Critically, many of these works are not seen to have literary value to modern editors. However, the value of such collections is the insights they offer into the tastes, interests, personalities and concerns of their individual compilers. From the standpoint of the psychology of authorship, it is noteworthy that keeping notebooks is in itself a kind of tradition among litterateurs. A commonplace book of literary memoranda may serve as a symbol to the keeper, therefore, of the person’s literary identity (or something psychologically not far-removed), quite apart from its obvious value as a written record.

That commonplace books (and other personal note-books) can enjoy this special status is supported by the fact that authors frequently treat their notebooks as quasi-works, giving them elaborate titles, compiling them neatly from rough notes, recompiling still neater revisions of them later, and preserving them with a special devotion and care that seems out of proportion to their apparent function as working materials.”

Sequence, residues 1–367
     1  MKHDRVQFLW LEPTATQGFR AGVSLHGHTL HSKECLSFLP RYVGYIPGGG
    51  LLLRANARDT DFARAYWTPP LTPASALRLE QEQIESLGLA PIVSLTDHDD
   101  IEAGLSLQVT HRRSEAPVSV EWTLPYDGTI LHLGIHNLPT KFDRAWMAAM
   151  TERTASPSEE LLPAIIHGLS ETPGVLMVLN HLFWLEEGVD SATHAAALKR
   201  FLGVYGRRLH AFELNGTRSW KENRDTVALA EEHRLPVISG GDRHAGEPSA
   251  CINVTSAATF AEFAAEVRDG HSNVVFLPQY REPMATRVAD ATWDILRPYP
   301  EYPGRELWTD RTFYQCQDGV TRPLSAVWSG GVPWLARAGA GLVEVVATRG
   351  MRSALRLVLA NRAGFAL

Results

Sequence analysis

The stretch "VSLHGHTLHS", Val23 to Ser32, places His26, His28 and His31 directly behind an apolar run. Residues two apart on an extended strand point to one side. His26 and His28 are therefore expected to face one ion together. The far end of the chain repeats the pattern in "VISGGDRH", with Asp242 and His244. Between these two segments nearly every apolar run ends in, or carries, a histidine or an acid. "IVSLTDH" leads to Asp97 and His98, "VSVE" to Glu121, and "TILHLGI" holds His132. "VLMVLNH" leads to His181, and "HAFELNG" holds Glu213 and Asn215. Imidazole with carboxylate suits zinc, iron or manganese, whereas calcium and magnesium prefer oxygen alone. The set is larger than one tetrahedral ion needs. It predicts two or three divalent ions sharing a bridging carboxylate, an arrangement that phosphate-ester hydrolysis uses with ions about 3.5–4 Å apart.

Just thought its great to have this on my blog; especially because I had no idea that my numerous little notebooks had a name- Commonplace Books.

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4 Comments Add yours

  1. Hey Phebes. Love this post. I kept so many notebooks too! They’re all in storage in New York. When my stuff was stolen last year I canceled my credit card and forgot all about the storage place. They tried to call me, but of course, I was in Africa! They were about to incinerate my stuff when they finally got ahold of my mom who gave them my new credit card number. All I could think was, thank goodness! My journals! I didn’t care about all my old shoes or clothes, I feel so distant from those, but my old writing, that I want to keep forever.

    I love Oscar Wilde too. Have you read “A Portrait of Dorian Gray”? It’s one of my FAVORITE books of all time. I hope you can get it here. Maybe Aristoc at Garden City?? If not, I’ll bring it for you when I go to the States in December. It’s a long way off, but seriously, this book is worth the wait! But you have to remind me before I go!